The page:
After the young woman departed, the coaches met with all three boys. They were told that they were responsible for each other's behavior, would be let off with a warning for now and the school head would be informed after the trip. While no promises could really be made, the coaches planned on disciplining all three boys with extra running that afternoon. No calls were made to school leadership or parents during the trip. When the teams returned to school after Spring Break, the Head of School was notified and all three boys were suspended for a week. The parents of the two bystanders tried to appeal the suspension under the grounds that their children had not really done anything wrong. They also protested that the students were not properly oriented about rules and expectations and they did not sign anything acknowledging an extension of school rules during the trip.
How prepared (or trained) are your coaches regarding First Aid/ CPR and Crisis Management?
What happens if a participant violates school policy while on the road to an athletic contest or overnight trip?
What do coaches do if a participant breaks the law while at an away game or overnight trip?
Do your coaches ALWAYS have all the necessary contact information with them?
Have all of your coaches gone through a significant reference and background check procedure? Child abuse training?
Are all those driving a bus to and from games and events trained and legally allowed to do so? Even for scrimmages?
Does special attention and preparation accompany lodging procedures when overnight travel is required?
Do your coaches, even those coaching alone, know exactly how to handle the situation when an injured player needs to immediately go to the hospital?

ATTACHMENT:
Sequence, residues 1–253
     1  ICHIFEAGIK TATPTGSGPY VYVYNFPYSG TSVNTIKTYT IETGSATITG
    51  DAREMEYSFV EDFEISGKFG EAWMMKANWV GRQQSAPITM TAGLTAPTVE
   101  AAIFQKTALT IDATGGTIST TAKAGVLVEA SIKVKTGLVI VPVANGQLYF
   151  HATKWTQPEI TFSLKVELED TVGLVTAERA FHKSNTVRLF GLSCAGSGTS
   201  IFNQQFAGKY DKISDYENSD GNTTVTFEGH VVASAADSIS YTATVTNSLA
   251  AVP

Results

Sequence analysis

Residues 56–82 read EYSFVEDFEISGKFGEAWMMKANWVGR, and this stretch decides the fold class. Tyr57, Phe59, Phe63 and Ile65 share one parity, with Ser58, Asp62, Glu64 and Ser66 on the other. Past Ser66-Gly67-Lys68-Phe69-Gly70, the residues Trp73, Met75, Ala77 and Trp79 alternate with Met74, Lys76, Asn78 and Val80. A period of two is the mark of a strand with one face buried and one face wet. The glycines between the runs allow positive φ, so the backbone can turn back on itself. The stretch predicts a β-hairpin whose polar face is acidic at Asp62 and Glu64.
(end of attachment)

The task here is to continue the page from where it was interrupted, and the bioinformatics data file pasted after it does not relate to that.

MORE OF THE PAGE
Does someone from the administration always know the exact details of every away game or competition in advance?
Is every incident properly reported in a timely manner?
Sample Athletic Travel Policy
The scenarios in this case study are based on real-life situations that have occurred in multiple schools over time. They are representative of the types of challenging situations that schools routinely face. Any similarity to actual schools or individuals of the same or similar names is purely coincidental.
Coach-Driver Safety Packet
Nancy Beatty was a multi-sport championship coach prior to becoming the Director of Athletics at Providence Day School (Charlotte, NC).
Some of my best memories as a high school student-athlete were the bus trips with my teammates. Our bus trips usually involved shared stories, long naps, playing cards, and always laughter. While I was never concerned with safety as a student-athlete, I have learned a great deal over the past 30 years as an administrator and coach regarding the risks associated with team travel.